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Summer’s ending and other changes



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‘Buy a dictionary. Learn a new word a week’
‘Buy a dictionary. Learn a new word a week’

I still get sweaty thinking of the baking summer of 1976 due to the hot, dry weather we had. Fortunately the rain’s back and we’re enjoying (is that the right word?) cooler British summer weather. I don’t know about you, but my garden was a write-off this year, although I got some joy from my tomatoes, potatoes and marrows. No plums, no beetroots, and my apples mostly dropped off the branches. Oh well, at least my hen could eat them.

I’ve observed an ominous date every September since I was a child. The date when summer holiday ends and school resumes. Summer was heaven on stilts because of the freedom from counting, testing, memorizing facts and, for me, what seemed an endless string of detentions. It was during some consecutively enforced-confinements during my last year at school that I met my Waterloo, and in many ways, my educational inspiration. An unsmiling English teacher, Ms Lowery. Her disagreeable chore was supervising me during frequent one-hour detention sessions.

In the final weeks of my school days, while enduring yet another detention, I brightly announced to
Ms Lowery I’d been accepted at university. She looked skeptical, so I showed her the embossed approval letter.

She pulled a face like she was flossing her teeth. “Want my advice? Wise up. I suggest you subscribe to a serious weekly news journal and begin critically reading it cover-to-cover. Also, buy a dictionary. Learn a new word a week, or you’ll never make the grade.”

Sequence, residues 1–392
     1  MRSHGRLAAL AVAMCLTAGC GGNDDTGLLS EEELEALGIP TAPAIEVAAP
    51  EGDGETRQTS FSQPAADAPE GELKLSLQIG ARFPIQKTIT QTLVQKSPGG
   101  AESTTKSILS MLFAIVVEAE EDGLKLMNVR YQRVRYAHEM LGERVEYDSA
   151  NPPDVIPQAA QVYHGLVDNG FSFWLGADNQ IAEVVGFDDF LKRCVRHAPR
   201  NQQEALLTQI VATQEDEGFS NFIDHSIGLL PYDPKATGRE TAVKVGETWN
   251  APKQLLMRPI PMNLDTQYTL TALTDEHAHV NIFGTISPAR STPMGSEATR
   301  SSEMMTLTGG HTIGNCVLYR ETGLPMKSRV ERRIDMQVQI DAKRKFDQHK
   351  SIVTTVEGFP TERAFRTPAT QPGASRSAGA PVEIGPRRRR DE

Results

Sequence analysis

Hardly the “Good on you; I knew you could do it, Mike!” I’d expected, yet it sunk in. Ms Lowery’s advice is partly why I became a teacher and writer, and expanding my vocabulary’s become a lifelong hobby!

Hollywood funny lady Lily Tomlin once said of educators: “I like a teacher who gives you something to take home to think about besides homework.” Ms Lowery certainly did that for me.

This year, I actually welcome summer’s end. In addition to some interesting writing projects, I’m considering going to West Suffolk College to train to teach English as a foreign language. Having studied French and Italian at language schools in Paris and Cambridge, I thought it’d be challenging to explain tenses, grammar and homonyms to folks whose first language isn’t English.

Speaking of homonyms, there was a foreign-language student in Berkshire who spotted a big sign advertising a ‘Reading Festival’. Thinking he was going to get tips on his comprehension and English skills, he turned up on the day only to find one of the UK’s leading rock festivals. Yep. That’s our befuddling language for you.

I was pleased to see Camille Berriman reports in this paper that Paddy-and-Scott’s coffee shop has introduced an ‘equity-partners’ initiative offering employees a share in the business’ profits as well as taking a role in the firm’s commercial strategy and development. Jon Reed, spokesman, said: “We’re proudly investing in our team as a way of rewarding them for their commitment while fuelling ambition for the future.” That’s good coffee for customers and great news for the workers.

Finally, there’s much being printed today about so-called fake news and the lack of media objectivity. And rightly so. I know one problem of producing this column is trying to discover interesting things happening around here. My goal is to make the topics about which I write relevant to the widest number of folks who read this paper.

To me, good journalism is about people and their stories. And that’s what I aim to produce. So why not contact me at this paper this year and help me tell your story?